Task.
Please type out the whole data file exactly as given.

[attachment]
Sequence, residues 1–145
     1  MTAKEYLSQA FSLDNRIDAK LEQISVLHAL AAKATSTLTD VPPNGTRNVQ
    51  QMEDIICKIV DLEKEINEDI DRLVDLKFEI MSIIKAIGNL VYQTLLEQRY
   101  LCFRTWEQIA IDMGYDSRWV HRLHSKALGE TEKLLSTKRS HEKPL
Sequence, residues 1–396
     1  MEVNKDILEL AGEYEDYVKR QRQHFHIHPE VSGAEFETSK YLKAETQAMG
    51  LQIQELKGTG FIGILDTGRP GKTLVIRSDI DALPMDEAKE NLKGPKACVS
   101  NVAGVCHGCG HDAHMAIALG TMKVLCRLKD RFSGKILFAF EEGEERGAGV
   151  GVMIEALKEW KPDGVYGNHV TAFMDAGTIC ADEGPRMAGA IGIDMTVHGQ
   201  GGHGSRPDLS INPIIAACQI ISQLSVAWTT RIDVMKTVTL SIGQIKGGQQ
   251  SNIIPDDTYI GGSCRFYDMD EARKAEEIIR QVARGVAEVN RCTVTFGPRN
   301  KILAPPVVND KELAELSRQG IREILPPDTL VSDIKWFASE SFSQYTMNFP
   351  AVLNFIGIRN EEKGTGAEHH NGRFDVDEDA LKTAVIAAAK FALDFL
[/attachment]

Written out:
Sequence, residues 1–145
     1  MTAKEYLSQA FSLDNRIDAK LEQISVLHAL AAKATSTLTD VPPNGTRNVQ
    51  QMEDIICKIV DLEKEINEDI DRLVDLKFEI MSIIKAIGNL VYQTLLEQRY
   101  LCFRTWEQIA IDMGYDSRWV HRLHSKALGE TEKLLSTKRS HEKPL
Sequence, residues 1–396
     1  MEVNKDILEL AGEYEDYVKR QRQHFHIHPE VSGAEFETSK YLKAETQAMG
    51  LQIQELKGTG FIGILDTGRP GKTLVIRSDI DALPMDEAKE NLKGPKACVS
   101  NVAGVCHGCG HDAHMAIALG TMKVLCRLKD RFSGKILFAF EEGEERGAGV
   151  GVMIEALKEW KPDGVYGNHV TAFMDAGTIC ADEGPRMAGA IGIDMTVHGQ
   201  GGHGSRPDLS INPIIAACQI ISQLSVAWTT RIDVMKTVTL SIGQIKGGQQ
   251  SNIIPDDTYI GGSCRFYDMD EARKAEEIIR QVARGVAEVN RCTVTFGPRN
   301  KILAPPVVND KELAELSRQG IREILPPDTL VSDIKWFASE SFSQYTMNFP
   351  AVLNFIGIRN EEKGTGAEHH NGRFDVDEDA LKTAVIAAAK FALDFL